Tag Archives: Microsoft

Hotmail is still hot (and promoting Sweep)

11 Oct

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Last year, according to Litmus, Hotmail had a 17% market share and was ahead of Gmail and Yahoo (but behind Outlook). This is according to their Email client usage worldwide study conducted on 250 million users. We (in the tech industry) tend to sometimes forget that Hotmail is still big.

Sweep, New email product built into Hotmail

The new Hotmail is supposed to be “faster than ever”, includes the creation of sub-folders, just like Gmail, and they’ve stepped up their security through additional encryption.

Lastly, some Hotmail features and built-in capabilities are actually interesting. They not only offer free online storage for documents and photos through Skydrive (boy do they know how to name a product! this name is strong!), but they are also heavily pushing ‘Sweep’ these days. Sweep is a tool to organize the inbox and minimize the clutter. Love this ad on their login page. It’s actually 3-dimensional even though it’s simple.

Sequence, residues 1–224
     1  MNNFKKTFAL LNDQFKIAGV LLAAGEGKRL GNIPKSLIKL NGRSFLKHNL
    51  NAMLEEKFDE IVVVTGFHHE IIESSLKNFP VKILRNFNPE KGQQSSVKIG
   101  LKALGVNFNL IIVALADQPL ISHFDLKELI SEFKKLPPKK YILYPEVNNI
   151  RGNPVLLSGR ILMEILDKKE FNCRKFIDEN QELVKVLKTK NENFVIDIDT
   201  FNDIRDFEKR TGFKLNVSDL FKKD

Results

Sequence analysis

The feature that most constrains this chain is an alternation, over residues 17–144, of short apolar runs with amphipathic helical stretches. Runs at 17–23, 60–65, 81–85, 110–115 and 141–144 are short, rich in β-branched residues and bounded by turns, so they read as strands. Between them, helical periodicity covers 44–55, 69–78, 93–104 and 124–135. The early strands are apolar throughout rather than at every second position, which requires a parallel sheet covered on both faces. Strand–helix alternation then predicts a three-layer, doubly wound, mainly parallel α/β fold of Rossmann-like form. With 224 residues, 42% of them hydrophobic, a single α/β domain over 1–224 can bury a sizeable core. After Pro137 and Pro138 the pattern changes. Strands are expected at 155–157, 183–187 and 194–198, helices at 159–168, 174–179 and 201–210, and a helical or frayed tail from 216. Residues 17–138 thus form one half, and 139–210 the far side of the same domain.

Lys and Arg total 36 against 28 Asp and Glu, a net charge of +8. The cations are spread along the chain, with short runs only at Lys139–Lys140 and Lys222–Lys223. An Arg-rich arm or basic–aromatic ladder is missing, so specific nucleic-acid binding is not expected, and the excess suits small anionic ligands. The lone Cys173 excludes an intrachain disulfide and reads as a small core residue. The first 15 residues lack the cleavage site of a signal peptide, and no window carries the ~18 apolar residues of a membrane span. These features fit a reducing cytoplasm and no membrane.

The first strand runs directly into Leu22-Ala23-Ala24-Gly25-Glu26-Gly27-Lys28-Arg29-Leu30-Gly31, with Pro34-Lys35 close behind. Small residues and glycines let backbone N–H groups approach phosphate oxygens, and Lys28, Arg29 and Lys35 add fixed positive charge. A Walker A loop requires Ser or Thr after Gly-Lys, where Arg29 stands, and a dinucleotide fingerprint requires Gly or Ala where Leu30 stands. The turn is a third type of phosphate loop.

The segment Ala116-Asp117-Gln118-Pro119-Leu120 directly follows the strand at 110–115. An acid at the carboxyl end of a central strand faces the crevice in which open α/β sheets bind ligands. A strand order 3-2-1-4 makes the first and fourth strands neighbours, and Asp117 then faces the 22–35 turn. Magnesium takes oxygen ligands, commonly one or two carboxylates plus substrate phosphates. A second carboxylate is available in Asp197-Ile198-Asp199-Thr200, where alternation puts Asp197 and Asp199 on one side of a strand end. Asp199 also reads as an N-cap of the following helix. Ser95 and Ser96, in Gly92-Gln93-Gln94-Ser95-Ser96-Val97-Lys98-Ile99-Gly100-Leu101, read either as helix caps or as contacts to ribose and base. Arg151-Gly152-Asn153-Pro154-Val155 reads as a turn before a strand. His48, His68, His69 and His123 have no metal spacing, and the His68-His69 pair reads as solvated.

Go Hotmail! (and go Microsoft!)


The mystery of company acquisitions in the high tech world

11 Jun

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Seeing the acquisitions in the high tech world can sometimes be puzzling. But there is almost always a very simple explanation and it’s almost always the same one: companies buy their competitors. Not so much cause they want to integrate the product with theirs; they just buy them so that it’s no longer a threat.

Sometimes acquisitions are obvious as a company would buy a very immediate competitor: Adobe bought Macromedia, in the email deliverability and email reputation space, Return Path acquired Habeas,  or sometimes, they are less obvious, for example Google purchased blogspot, Yahoo purchased MyblogLog.

The sad part about it is that these decisions never include a plan to integrate the products well, streamline or improve the user experience…it’s never anything like that. In fact, pretty often, and mostly when the products are B2C web products, the company that is purchased ends up being a cumbersome piece in the purchaser’s web offer, a piece that doesn’t seem like it belongs there.

And some acquisitions make no sense whatsoever: for example Adobe acquired Omniture. I don’t think I will ever be able to make sense of that one…